Yesterday was the official release date for the Motorola Razr on Verizon Wireless. Or was it? By the end of an entire day spent searching for this nostalgia-inducing phone, I was feeling pretty duped.
The Razr is arriving not long after Samsung’s Galaxy Fold fiasco, so there are naturally going to be questions about how it’ll hold up over time. The Verge decided to try to buy one, and I traversed much of Manhattan and hit over a dozen Verizon stores on Thursday in hopes of finding a store that had even a single $1,500 Razr unit for sale. My search proved fruitless. Launch day units did exist, but they were incredibly difficult — impossible, almost — to come by.
Eli Blumenthal, a reporter at CNET, managed to track down the Razr at a Verizon store in upper Manhattan. But by the time I hurriedly Ubered over there, they were gone. Most other locations I visited said they’d never received any units to sell beyond the floor demo device meant to let customers try out the Razr’s folding screen. And after seeing some worrying early impressions, try it I did.
My biggest critique after holding a store unit today is that you can feel the hinge mechanism behind the screen when just sliding your finger around. And ya can hear your finger brushing against whatever’s back there.— Chris Welch (@chriswelch) February 7, 2020
Sounds of it opening/closing don’t bother me though. pic.twitter.com/4eoIRFBkxG
Verizon employees said the fastest way to get Motorola’s new phone would be ordering it online, but the Verizon website now estimates that new orders might not ship until March 3rd. And the option for in-store pickup that was present yesterday has now disappeared completely. Verizon now lists the Razr as “available online only.” When I tried the stock-checker tool throughout the day yesterday, I never found a single store with Razr availability, so I’m pretty sure it was broken from the start for this phone.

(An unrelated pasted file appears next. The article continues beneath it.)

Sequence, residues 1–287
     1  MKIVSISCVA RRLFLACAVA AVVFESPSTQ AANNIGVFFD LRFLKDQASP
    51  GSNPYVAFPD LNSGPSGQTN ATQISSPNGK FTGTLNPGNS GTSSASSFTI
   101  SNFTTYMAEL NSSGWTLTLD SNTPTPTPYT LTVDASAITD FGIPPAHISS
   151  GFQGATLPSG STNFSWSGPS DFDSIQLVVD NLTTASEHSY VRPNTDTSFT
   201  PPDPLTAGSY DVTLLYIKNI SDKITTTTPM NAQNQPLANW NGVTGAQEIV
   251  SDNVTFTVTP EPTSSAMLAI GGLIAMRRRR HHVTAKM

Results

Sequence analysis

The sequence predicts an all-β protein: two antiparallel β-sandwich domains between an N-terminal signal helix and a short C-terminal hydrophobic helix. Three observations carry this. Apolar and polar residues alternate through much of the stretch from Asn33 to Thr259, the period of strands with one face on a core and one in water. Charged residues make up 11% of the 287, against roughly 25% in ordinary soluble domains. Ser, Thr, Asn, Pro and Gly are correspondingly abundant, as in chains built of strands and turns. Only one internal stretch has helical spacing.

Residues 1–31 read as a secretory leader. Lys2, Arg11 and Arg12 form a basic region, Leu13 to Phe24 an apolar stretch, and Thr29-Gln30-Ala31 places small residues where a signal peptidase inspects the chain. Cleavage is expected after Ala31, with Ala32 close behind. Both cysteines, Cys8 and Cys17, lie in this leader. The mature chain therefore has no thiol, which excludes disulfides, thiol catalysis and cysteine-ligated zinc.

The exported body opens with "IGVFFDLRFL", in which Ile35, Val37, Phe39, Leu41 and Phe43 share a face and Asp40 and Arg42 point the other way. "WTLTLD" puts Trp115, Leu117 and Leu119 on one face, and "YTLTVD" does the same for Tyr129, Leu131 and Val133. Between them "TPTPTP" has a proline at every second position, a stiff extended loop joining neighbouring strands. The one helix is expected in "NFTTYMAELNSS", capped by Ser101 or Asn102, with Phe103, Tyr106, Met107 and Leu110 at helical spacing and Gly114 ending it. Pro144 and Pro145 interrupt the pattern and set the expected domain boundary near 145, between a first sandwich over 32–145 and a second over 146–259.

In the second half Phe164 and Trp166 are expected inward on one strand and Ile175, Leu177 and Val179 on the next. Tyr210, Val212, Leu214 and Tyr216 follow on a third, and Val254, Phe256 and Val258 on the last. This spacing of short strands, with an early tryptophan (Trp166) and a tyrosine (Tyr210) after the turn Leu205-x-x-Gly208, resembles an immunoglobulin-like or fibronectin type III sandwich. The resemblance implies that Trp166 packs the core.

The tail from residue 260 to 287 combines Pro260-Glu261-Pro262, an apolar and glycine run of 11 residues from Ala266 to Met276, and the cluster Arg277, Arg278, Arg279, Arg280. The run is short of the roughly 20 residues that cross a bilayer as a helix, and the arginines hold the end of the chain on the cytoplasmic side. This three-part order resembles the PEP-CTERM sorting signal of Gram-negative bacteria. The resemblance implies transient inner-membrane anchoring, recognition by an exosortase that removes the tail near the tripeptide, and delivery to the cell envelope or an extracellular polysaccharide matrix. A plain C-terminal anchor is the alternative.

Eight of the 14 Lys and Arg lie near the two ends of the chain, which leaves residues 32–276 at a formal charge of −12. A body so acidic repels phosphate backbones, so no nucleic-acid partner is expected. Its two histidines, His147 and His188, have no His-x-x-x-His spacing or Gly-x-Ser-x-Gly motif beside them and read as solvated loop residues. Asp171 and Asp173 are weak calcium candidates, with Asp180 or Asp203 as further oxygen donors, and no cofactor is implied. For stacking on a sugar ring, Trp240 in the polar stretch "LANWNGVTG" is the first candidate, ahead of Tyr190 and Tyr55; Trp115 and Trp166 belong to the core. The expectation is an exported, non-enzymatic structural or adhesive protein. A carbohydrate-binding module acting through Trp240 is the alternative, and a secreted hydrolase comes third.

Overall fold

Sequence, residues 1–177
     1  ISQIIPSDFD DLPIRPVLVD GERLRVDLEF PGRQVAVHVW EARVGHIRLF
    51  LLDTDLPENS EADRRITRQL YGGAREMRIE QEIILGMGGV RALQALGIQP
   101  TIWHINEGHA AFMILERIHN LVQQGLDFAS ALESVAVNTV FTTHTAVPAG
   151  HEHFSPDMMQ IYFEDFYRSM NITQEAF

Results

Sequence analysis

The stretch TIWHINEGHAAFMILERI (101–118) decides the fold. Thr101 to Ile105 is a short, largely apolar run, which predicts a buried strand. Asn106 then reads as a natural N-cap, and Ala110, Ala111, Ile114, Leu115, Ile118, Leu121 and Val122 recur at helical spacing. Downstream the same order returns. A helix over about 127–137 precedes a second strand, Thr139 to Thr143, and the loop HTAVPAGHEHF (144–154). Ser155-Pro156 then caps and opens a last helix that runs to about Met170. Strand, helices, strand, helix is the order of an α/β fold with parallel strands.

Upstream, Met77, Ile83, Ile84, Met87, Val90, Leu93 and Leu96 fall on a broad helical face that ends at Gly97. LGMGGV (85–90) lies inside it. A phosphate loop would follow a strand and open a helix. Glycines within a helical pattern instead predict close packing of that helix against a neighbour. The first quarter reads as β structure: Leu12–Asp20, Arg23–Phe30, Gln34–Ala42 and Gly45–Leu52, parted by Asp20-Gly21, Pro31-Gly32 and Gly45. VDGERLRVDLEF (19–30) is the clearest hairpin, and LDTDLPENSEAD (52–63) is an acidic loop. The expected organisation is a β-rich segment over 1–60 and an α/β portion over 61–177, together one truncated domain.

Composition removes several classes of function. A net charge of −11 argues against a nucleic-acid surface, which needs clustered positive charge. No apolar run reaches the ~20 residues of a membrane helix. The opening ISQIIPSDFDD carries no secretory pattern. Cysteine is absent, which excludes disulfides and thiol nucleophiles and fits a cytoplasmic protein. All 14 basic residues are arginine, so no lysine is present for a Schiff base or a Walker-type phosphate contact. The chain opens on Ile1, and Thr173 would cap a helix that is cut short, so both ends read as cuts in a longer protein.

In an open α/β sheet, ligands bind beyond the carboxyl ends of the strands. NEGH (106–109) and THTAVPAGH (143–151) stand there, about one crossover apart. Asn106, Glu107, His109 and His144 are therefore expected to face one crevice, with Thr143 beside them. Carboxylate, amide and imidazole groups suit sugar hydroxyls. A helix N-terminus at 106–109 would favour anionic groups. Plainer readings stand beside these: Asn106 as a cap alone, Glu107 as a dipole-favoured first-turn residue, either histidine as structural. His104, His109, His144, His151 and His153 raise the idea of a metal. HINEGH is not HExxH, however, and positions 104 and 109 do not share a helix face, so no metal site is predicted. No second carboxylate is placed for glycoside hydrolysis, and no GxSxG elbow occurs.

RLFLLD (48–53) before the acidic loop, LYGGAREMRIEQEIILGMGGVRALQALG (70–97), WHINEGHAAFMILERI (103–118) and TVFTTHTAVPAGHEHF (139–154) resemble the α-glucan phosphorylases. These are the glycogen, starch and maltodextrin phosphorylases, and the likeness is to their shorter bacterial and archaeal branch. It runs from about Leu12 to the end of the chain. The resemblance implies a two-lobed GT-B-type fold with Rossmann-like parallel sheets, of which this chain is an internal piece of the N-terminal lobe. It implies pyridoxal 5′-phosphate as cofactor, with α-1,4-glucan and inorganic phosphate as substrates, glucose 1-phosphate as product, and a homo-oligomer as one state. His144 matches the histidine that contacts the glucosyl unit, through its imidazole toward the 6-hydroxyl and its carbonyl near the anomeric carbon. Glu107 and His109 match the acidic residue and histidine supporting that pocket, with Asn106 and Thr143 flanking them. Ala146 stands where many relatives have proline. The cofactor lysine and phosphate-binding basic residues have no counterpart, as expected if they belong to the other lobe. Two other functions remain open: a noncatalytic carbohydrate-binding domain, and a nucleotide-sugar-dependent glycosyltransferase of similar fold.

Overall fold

As annoying as it is, this situation isn’t all that unique to Motorola or the Razr. Back when the Pixel was still a Verizon exclusive, finding the model you wanted on release day at a store was a frustrating challenge. Carriers and phone makers are clearly prioritizing preorder customers nowadays; Motorola wound up delivering the Razr several days early to people who got their orders in right away, which led to a teardown before the phone was even for sale in stores.
But should it really be this hard for walk-in customers to buy a very expensive, fancy new phone? Samsung and Apple always ensure that their stores, carriers, and retail partners have at least enough stock to cover the first wave of launch day customers.
I wouldn’t expect Motorola and Verizon to have that level of supply for a niche $1,500 phone — a phone that’s still among the first with a folding display — on day one. The Galaxy Fold wasn’t particularly easy to buy when it was finally released, either. There’s plenty of interest in foldable phones, but no one’s lining up to buy them. That’s all the more reason Motorola should’ve been able to get this right. Two or three Razrs per store (at least in Manhattan of all places) seems like a reasonable way to accommodate whatever demand might be there.
But Motorola and Verizon couldn’t pull it off.
Yes, the new Motorola Razr is technically now available. But its failure to actually launch just leads to more questions about Motorola’s confidence in the product and makes it seem like the company just wanted to beat Samsung’s second try at a foldable phone to market.